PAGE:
In order to be a great Customer Success Manager, one of the most important skills is to be passionate about helping people. In customer service, having that passion for putting the customer first will always shine through and have a tremendous effect on your relationship with the customer. Some of the best companies have adopted a customer centric culture with their mission focused on making the customer their “North Star,” or guiding light. If you can curate a seamless experience for the customer, you can gain a customer for life. If you’re passionate about the customer, they’re going to be passionate about supporting your business.
Emotional Intelligence (EQ)
Having empathy for a customer’s problem is an immensely valuable skill in customer service. Being able to deal with a difficult customer or diffuse an escalation is a must-have. It shows the customer that you genuinely understand their pain point instead of brushing their concerns aside. Given how many times we are exposed to bad customer support from previous interactions, it’s quite refreshing to come across someone who can listen to your frustration, validate what you’re feeling and respond in a compassionate way before solving your problem. That is not a skillset everyone possesses, which is why a high EQ is the marker of an exceptional CSM.
As the main Point of Contact or POC for the customer, you are responsible for the customer’s long term success. From the onset, you will want to establish yourself as an expert advisor who will use your knowledge and expertise to ensure that they get the most value from the product. To gain their trust, you must set the right expectations and deliver on those expectations. When you gain the clients’ trust and credibility, you can advise them on steps to take because they will look to you for best practices and recommendations. In the end, they will think of you as a partner who is invested in their business versus a vendor.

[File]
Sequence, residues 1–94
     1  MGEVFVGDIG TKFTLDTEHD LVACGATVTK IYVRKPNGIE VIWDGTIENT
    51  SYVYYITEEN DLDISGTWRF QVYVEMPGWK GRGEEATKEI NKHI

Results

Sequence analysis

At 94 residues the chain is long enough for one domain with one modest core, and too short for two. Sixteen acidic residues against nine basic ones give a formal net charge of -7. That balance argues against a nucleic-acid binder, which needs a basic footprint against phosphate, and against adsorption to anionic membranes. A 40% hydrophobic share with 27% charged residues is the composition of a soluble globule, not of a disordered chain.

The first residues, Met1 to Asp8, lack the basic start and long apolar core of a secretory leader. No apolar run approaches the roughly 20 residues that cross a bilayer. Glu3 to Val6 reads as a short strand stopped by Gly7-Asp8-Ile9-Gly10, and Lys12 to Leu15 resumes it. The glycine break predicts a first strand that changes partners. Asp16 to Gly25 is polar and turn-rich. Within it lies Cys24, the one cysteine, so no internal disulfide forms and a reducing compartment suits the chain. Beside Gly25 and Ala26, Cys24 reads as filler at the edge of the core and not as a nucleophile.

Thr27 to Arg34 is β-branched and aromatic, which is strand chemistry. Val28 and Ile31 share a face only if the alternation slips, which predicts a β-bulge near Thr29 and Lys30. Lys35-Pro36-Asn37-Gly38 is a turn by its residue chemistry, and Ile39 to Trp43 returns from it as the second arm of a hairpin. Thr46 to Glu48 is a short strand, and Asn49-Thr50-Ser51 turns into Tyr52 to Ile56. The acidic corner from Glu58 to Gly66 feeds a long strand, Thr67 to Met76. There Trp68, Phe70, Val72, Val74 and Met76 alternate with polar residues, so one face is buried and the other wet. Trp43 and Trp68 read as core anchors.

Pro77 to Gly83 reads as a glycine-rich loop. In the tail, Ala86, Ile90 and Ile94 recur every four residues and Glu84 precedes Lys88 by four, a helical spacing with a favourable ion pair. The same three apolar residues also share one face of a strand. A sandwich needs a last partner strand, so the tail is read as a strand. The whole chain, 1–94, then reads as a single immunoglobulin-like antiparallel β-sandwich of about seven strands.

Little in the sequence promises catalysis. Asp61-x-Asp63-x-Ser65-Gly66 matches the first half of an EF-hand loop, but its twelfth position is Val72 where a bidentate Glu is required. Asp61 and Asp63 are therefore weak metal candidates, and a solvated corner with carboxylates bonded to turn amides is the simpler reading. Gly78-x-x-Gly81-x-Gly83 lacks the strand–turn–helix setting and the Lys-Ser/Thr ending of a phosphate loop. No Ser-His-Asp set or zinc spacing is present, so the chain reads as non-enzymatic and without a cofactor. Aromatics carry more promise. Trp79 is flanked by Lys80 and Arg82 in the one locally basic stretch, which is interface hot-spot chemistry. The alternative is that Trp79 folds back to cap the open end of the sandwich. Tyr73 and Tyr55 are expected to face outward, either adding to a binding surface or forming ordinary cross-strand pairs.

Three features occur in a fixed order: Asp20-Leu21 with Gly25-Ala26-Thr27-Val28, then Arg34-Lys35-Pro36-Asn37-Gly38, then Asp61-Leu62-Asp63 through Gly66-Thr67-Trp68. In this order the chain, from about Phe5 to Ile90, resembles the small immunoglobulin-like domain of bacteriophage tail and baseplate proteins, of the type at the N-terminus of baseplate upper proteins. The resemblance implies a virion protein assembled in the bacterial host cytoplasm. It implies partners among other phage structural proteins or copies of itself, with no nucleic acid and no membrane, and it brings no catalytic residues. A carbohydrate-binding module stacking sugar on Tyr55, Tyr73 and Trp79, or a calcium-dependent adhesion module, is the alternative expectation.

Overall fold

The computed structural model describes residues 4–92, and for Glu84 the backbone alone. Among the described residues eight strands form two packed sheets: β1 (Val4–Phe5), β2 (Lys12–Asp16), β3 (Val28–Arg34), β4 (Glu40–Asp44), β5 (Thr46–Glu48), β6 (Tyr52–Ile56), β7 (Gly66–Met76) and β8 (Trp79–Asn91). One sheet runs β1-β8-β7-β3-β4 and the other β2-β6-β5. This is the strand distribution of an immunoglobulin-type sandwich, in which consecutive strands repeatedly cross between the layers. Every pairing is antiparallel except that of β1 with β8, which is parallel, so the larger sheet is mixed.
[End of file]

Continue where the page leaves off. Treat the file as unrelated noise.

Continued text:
Excellent Communication and Presentation Skills
In a customer facing role, it’s crucial that your communication and presentation skills are excellent. When you talk to executive stakeholders or C-Suite, they have very little time to spend with you so you have to come prepared and be clear about the message you are trying to convey. If any of these crucial elements are missing, it jeopardizes the health or sentiment of the account. The customer will not take time to understand you so you have to understand them. Take time to learn what communication methods work well and what kind of data you can share with them to keep them engaged. Typically, you will work on presenting executive Quarterly Business Reviews, which shares the health and adoption metrics of the platform.
Product Mastery and Tech-Savviness
In a technology focused company, you will need to have a) a deep understanding of the product and b) basic technical skills. Depends on the company, but some organizations have training and implementation fall under the CSM role or in a bigger company, they will separate that out into an Implementation Manager role. In either scenario, you will still have to field product questions and run educational workshops to ensure your client is using the product. Therefore, subject matter expertise and confidence in this area will help you build trust. For technical skills, you will need to have a basic understanding of how to navigate the company’s tech stack and common suite of products to achieve target metrics. Some of these skills are assessed during the interview process with the goal of understanding your knowledge and comfortability with using different tool sets.
Lastly, being organized is vital to the CSM role. Based on your role, you may be managing anywhere from a half dozen to a few dozen key accounts that drive revenue for the company. In order to make sure that you are meeting key targets and creating touch points with each client, the CSM will need to be hyper organized. Without having that extensive level of detail and organization on your account, you could jeopardize the sentiment of the account or risk losing your customer to a competitor. It’s important to establish best practices such as holding Quarterly Business Reviews, recording meetings, notes and having a checklist to stay on top of your book of clients.